I will hear what God the Lord will speak…peace unto his people.

Psalm 85:8

The living God has spoken to lost mankind in a variety of ways. The general response among us has been, “We did not hear His voice. We did not hear anything.”

John recorded in his gospel the reactions of an audience of people who heard God speak audibly. When Jesus talked of His coming death, asking God to glorify His name through it, “a voice [came] from heaven saying, I have both glorified it, and will glorify it again” (John 12:28).

And what were the reactions of the bystanders? “The people therefore, that stood by, and heard it, said that it thundered: others said, An angel spake to him” (John 12:29).

People prefer their own logic, their own powers of reason. Even when God speaks, they refuse to recognize His voice. They will not confess that God has spoken through Jesus Christ, the eternal Son. When He confronts them with their sin, they consult a psychiatrist and hope they can get their personalities “properly adjusted.”

But in a coming day every knee will bow and every tongue will confess that Jesus Christ is Lord of all!

Almighty God, I am so grateful that You sent Your Son, Jesus Christ, to live among us and to show us the way of eternal life. I pray that many seekers will bow before You today.[1]

8 In submission to the Lord, the people await his response. The “I” of this verse may be the voice of the psalmist or of a prophet awaiting the Lord’s response. He receives assurance that the Lord will “speak” (NIV, “promises”) “peace” (šālôm) and thus grant to his people relief from their grief. After all, they are “his people,” i.e., his “loyal people” (“saints,” asîdāyw; see 4:3). The saints are those who do not “return to folly.”[2]

85:8 peace. Ultimately this comes in the Messiah’s kingdom (cf. Mt 10:34; Lk 2:14).[3]

85:8–9 I Will Listen to Hear His Word of Peace. Now the members of the congregation declare their patience in watching for God to act on their prayer. The song has shifted from the plural “we” to the singular “I”: let me hear. Each member is thus making this pledge. There is confidence that God will speak peace to his people, i.e., he will agree to the reconciliation they have asked for in vv. 4–7. At the same time, the psalmist prays, let them not turn back to folly; i.e., the people who are appealing to God’s benevolence should make sure that their repentance is genuine, and that they really do aim for faithfulness and really intend not to repeat the folly (moral stupidity) that provoked God’s anger. The word saints (Hb. khasid) reinforces this, since it refers to members of the covenant people who take the covenant to heart and walk in obedience before God. Therefore the force of this is, “to his people, especially to his saints.” Likewise God’s salvation (which they had requested in v. 7) is near to those who fear him, i.e., again, to those who lay hold of the promises of God’s covenant by genuine faith and obedience. The people should never presume upon God’s gracious response to their prayers, as if it comes “automatically.” Thus, as the Israelites wait for God to speak, they can evaluate their own sincerity.[4]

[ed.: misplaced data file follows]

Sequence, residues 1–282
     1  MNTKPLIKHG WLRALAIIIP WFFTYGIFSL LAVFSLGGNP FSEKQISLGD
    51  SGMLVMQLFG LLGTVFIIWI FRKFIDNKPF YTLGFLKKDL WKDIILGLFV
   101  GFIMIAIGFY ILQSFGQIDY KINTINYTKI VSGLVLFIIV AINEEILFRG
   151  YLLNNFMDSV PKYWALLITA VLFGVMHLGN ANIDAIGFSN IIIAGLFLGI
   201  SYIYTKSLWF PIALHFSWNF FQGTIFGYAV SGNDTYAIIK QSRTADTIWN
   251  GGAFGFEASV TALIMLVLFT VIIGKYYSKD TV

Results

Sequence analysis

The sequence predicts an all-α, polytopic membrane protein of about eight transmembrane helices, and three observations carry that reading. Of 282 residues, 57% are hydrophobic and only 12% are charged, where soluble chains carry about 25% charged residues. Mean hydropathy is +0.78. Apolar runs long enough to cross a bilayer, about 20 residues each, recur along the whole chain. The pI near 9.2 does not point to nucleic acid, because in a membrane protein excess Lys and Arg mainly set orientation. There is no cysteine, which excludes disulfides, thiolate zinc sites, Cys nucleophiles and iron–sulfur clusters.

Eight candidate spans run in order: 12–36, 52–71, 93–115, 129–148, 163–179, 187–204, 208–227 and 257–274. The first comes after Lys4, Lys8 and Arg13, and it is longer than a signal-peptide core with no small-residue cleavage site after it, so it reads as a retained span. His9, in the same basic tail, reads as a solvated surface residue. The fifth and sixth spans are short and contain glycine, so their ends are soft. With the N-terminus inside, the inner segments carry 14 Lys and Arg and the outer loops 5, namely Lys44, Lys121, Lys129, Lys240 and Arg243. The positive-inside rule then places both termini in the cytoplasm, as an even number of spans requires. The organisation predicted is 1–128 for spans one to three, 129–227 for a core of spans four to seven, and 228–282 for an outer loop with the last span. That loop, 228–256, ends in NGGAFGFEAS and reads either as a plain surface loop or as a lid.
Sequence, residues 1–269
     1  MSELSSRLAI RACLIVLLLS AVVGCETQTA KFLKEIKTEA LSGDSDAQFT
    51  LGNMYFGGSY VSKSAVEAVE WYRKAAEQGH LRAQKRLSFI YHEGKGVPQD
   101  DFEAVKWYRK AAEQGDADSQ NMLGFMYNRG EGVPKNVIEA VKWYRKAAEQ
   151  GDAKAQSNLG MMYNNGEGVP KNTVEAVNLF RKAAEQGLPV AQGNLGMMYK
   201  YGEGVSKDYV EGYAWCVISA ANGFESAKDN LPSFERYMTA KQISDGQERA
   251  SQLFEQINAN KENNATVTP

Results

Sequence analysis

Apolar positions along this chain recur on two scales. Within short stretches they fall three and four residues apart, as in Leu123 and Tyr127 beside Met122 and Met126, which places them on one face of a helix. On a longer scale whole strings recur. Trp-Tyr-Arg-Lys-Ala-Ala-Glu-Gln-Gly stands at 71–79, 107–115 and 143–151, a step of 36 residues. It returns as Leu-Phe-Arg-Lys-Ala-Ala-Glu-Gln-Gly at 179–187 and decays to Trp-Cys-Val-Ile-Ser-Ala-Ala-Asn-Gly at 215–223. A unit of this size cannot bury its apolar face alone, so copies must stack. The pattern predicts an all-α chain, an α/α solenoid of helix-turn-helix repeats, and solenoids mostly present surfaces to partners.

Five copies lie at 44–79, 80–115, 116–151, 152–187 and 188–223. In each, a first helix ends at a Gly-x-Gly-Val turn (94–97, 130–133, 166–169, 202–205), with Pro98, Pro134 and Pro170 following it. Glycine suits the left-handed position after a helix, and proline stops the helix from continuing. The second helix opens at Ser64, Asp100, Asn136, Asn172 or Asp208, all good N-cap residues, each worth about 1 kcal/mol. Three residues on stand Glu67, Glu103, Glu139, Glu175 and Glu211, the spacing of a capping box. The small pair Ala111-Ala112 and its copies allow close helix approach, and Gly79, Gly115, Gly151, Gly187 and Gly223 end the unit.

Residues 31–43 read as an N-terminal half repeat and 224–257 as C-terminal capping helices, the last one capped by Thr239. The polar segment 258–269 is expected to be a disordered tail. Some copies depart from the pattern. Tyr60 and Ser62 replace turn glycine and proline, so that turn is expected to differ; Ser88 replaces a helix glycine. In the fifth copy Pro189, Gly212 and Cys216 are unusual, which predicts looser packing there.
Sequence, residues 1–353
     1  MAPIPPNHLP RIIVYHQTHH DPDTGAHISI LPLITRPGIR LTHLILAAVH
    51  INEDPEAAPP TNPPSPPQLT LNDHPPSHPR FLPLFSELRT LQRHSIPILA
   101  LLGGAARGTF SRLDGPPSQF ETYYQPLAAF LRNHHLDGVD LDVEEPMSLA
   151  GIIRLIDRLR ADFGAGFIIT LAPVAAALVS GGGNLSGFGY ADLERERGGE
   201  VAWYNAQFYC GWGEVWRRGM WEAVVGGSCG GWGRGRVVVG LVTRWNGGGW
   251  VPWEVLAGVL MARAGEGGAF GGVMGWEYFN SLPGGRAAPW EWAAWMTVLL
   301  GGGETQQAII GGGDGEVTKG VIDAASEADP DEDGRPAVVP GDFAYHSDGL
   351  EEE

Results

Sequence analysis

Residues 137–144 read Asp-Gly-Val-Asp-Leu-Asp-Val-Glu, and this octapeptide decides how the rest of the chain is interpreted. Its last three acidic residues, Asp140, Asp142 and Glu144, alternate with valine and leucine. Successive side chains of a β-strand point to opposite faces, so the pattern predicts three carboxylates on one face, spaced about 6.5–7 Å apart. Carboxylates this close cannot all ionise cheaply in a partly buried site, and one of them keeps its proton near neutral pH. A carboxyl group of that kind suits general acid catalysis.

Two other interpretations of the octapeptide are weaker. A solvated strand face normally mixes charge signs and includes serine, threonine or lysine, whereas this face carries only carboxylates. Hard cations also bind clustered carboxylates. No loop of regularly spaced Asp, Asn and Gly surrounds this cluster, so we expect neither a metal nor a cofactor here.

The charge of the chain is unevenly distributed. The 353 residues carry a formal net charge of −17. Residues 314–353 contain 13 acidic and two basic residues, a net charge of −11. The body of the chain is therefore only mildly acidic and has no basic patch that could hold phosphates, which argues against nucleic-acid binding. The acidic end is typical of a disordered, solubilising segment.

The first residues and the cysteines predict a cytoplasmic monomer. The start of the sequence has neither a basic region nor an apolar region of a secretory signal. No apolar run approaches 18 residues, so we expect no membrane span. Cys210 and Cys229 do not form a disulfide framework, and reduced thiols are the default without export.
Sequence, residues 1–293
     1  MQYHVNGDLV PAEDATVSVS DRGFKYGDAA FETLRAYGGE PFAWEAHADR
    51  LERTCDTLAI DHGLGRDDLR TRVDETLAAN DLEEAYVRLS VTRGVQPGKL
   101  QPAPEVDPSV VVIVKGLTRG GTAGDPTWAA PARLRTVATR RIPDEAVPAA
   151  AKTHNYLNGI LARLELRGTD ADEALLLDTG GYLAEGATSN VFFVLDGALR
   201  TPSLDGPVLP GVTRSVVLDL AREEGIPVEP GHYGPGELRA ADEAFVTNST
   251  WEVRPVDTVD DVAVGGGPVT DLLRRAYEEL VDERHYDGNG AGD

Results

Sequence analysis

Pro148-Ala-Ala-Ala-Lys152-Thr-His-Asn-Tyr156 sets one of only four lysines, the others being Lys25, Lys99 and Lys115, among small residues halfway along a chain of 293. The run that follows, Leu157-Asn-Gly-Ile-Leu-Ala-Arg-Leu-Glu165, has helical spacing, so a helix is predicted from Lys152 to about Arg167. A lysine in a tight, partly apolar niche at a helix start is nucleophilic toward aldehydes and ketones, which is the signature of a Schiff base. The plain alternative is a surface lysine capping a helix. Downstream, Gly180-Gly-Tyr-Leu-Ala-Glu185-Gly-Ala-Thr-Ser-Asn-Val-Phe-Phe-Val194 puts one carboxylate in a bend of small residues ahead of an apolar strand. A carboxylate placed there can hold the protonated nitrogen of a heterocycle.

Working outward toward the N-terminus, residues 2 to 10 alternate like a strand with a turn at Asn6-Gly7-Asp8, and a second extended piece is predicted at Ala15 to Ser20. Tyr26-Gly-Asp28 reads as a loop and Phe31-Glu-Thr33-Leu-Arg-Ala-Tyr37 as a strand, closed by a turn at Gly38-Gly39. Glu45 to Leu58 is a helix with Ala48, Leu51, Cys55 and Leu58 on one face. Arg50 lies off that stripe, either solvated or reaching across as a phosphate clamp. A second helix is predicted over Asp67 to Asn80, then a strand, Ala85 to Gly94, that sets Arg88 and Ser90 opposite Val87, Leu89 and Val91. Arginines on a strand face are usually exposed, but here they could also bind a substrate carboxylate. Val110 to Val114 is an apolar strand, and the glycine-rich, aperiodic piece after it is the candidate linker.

85:8–9 The identity of the voice in vv. 8–9 is unclear; it may be the individual psalmist or the nation as a group. This unit may portray a liturgical statement that the people of Israel would speak during the performance of the psalm. The psalmist asks to hear what God will say in the future when He rescues His people (v. 8) and expresses hope in God’s loyalty to His faithful people (v. 9). Compare note on vv. title–13.

85:8 peace The Hebrew word shalom can refer to overall well-being and wholeness. See note on 120:6.

let them not return to folly By Yahweh being faithful to Israel, He will enable His people to be faithful to Him in return (see Jer 31:31–34; compare Jer 32:36–41).

85:9 those who fear him Refers to those who honor God by worshiping Him and following His commandments.

in our land Although the psalmist does not specifically mention the captivity or exile of God’s people, he seems to imply it by stating that glory does not presently dwell in the land of Israel.[5]

85:8–9 These verses recount the promise of restoration and a word of exhortation.

85:8 me. The community has been speaking as a unit up to this point (“us”), but now an individual steps forward. Whoever he is (priest or prophet), he speaks on behalf of God.

he will speak peace. The word for “peace” (Heb. shalom) indicates health and wholeness, and, like “steadfast love” (v. 7), it is a word intimately associated with the covenant. God promises the restoration of intimate relationship with His people.

saints. Formed from the same root as “steadfast love” (v. 7) and denotes those who are the objects of God’s covenant love.[6]

[1] Tozer, A. W. (2015). Mornings with tozer: daily devotional readings. Chicago, IL: Moody Publishers.

[2] VanGemeren, W. A. (2008). Psalms. In T. Longman III & D. E. Garland (Eds.), The Expositor’s Bible Commentary: Psalms (Revised Edition) (Vol. 5, p. 641). Grand Rapids, MI: Zondervan.

[3] MacArthur, J. F., Jr. (2006). The MacArthur study Bible: New American Standard Bible. (Ps 85:8). Nashville, TN: Thomas Nelson Publishers.

[4] Crossway Bibles. (2008). The ESV Study Bible (p. 1045). Wheaton, IL: Crossway Bibles.

[5] Barry, J. D., Mangum, D., Brown, D. R., Heiser, M. S., Custis, M., Ritzema, E., … Bomar, D. (2012, 2016). Faithlife Study Bible (Ps 85:8–9). Bellingham, WA: Lexham Press.

[6] Sproul, R. C. (Ed.). (2015). The Reformation Study Bible: English Standard Version (2015 Edition) (p. 931). Orlando, FL: Reformation Trust.


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